Story by Colleen Keefe
When the animal control facility of Graham County decided in 2015 that it could no longer take cats, Cheryl Christensen knew she had to do something. So in February of 2016, Christensen cracked into her retirement nest egg, opened her home and founded the nonprofit Desert Cat Rescue & Sanctuary of Arizona (DCRSA).
Christensen attributes limited resources and overpopulation to the area’s cat problems. She says that often, strays were dumped in the desert. “For them [animal control] not to take cats was going to create a gap – somebody needed to step up here and do something,” Christensen said. In a little over three years, Christensen has set up several successful programs within DCRSA.
Her Home Is the Sanctuary
On any given day Christensen has anywhere between 35 to 40 feline housemates. She runs the sanctuary out of her home with the help of her husband Canute. Currently, several of the resident cats are seniors, blind, or special needs.
Foster Homes are the Heart of DCRSA
Fifteen volunteer foster homes provide DCRSA the additional support needed for the kitty clients. Families in Graham and Greenlee counties, Ft. Huachuca, and Tucson help out. But the need for more homes is always there. “The more fosters we have, the more we can take in and get off the street,” Christensen said. Typically, the maximum commitment to foster a kitten is four months. Kittens are available for adoption when they reach three to four months of age. Fostering a pregnant cat requires a four to five-month commitment.
“People tell me so often these are the sweetest, nicest, most sociable kitties they’ve ever seen. I think it’s because our kitties are in foster homes, they live with us, they are our family. And because of that, they move into their new homes with the attitude that they want to be family,” Christensen said. Although DCRSA’s primary focus is cats, Christensen wants the public to know that they do take in the occasional dog. The organization presently has two canines.
How to Become a DCRSA Foster Family
“If you have a heart and want to help kitties, that’s pretty much what we’re looking for,” Christensen said. DCRSA does have a few other requirements including a home inspection or pictures. “The main thing I’m looking for is that you have a place for an animal to be comfortable for a few months until we can get it safely adopted, I’m good with that.”
Ready for Adoption
All DCRSA cats and kittens are spayed or neutered, fully vaccinated, and micro-chipped. The adoption fee for cats is $125.00, kittens for $150.00 and special pricing available for senior and special needs cats. Christensen believes that requiring an adoptive cat parent to make a financial investment helps to cement the long-term commitment between family and feline, insuring a solid, loving home.
PetSmart Adoption Center in El Con Mall
Cats and kittens from DCRSA come to the PetSmart Adoption Center in El Con Mall in hopes of finding their forever family. Christensen reports that often the cats are adopted even before she can get them settled into the display. Felines that don’t find a home within 30 days return to the sanctuary for a break. The program, which began a year ago in October, is responsible for homing more that 150 cats so far.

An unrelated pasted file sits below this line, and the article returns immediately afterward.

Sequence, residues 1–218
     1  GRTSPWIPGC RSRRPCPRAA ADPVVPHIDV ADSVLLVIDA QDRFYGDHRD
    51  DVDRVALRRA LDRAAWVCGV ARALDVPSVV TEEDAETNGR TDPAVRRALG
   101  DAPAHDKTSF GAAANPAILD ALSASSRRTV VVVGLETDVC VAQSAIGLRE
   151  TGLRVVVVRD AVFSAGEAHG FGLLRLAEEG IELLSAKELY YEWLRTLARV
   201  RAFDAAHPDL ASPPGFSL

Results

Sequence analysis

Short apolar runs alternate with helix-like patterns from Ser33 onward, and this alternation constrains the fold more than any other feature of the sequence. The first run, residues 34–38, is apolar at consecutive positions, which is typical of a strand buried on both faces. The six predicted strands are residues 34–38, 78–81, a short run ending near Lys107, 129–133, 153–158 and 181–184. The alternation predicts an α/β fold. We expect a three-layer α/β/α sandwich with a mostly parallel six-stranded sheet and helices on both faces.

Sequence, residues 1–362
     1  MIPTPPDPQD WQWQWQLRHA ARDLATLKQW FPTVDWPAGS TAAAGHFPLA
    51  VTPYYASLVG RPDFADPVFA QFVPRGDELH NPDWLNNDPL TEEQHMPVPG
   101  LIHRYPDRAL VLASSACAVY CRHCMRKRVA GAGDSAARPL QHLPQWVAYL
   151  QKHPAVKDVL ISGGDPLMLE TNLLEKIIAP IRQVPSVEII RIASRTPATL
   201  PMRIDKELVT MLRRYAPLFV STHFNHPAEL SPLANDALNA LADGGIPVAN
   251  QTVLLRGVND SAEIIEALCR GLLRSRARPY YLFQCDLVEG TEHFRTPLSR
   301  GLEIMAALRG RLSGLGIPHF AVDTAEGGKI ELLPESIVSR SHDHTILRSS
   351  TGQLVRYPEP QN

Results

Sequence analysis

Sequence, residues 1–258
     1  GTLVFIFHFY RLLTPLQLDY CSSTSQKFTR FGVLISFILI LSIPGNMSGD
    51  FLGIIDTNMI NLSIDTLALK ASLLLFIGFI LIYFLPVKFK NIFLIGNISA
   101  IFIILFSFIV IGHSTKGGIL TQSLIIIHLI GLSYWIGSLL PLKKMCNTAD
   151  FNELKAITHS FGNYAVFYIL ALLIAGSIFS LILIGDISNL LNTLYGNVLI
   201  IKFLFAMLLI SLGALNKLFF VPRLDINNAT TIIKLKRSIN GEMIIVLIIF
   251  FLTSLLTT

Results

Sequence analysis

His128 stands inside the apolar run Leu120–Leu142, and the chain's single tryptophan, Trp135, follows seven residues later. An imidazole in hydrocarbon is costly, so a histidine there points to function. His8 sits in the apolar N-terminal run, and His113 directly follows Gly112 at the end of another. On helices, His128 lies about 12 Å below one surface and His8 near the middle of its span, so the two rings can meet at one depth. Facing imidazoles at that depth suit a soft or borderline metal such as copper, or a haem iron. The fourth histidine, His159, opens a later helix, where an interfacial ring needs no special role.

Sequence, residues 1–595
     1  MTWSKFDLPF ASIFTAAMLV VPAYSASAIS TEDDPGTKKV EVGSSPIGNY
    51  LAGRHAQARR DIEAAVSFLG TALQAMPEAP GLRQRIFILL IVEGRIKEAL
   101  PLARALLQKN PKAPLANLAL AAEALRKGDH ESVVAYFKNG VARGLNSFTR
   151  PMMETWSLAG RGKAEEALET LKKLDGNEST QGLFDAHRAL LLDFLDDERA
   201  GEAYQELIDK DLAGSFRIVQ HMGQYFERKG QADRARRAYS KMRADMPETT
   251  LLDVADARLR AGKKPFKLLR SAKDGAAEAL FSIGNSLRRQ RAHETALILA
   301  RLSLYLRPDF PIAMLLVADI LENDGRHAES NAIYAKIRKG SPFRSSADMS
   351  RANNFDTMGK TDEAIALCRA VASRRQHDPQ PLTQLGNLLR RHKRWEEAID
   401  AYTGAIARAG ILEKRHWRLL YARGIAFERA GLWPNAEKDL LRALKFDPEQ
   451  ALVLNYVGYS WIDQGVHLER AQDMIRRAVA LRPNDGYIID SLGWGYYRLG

Happy Pets – Pet Food Program
DCRSA sends weekly supplies of pet food along with Meals on Wheels deliveries in Graham and Greenlee County. Seniors with pets may receive up to two bags of pet food per household – cat or dog – in any combination. This prevents seniors from having to share their meals with their pets.
Senior Companion Program
Senior citizens may foster a senior or special needs cat for DCRSA for as long as they would like to foster. Christensen said the nonprofit will provide the food, litter, bedding, and medical – seniors just need to provide the home and love. “It’s a win for the senior, both of them,” Christensen added.
Spay/Neuter Voucher Program
Graham County residents can receive spay/neuter vouchers through DCRSA, $20.00 for cats and $40.00 for dogs.
Lives & Literacy
Lives & Literacy is a partnership between DCRSA and the Safford City – Graham County Public Library that promotes bonding with pets through reading. Children ages 0-12 who, with a parent, adopt a pet from DCRSA receive a bookbag, pet instructions, books donated by the library and treats and toys from PetSmart. “Pets are not judgmental. They can sit and read to their pets and create that forever bond,” Christensen said.
Financing the Felines
Funding for DCRSA comes primarily from the couple’s retirement fund and would-be vacations. They spend in excess of $600 a month on food and supplies for the rescues. “We will be eating cat food when we retire – I hope it’s good on rice,” Christensen said as she laughed. The nonprofit also receives assistance from PetSmart, Desert Cross Veterinary Hospital, Cody’s Friends, and other contributors. “We try, and when we can’t try anymore, we hope that we have made a difference,” Christensen said.
You can make a difference too. To foster or adopt a cat or kitten, or to make a donation, contact DCRSA at firstname.lastname@example.org or call 928-965-4323. For more information, go to www.desertcatrescue.org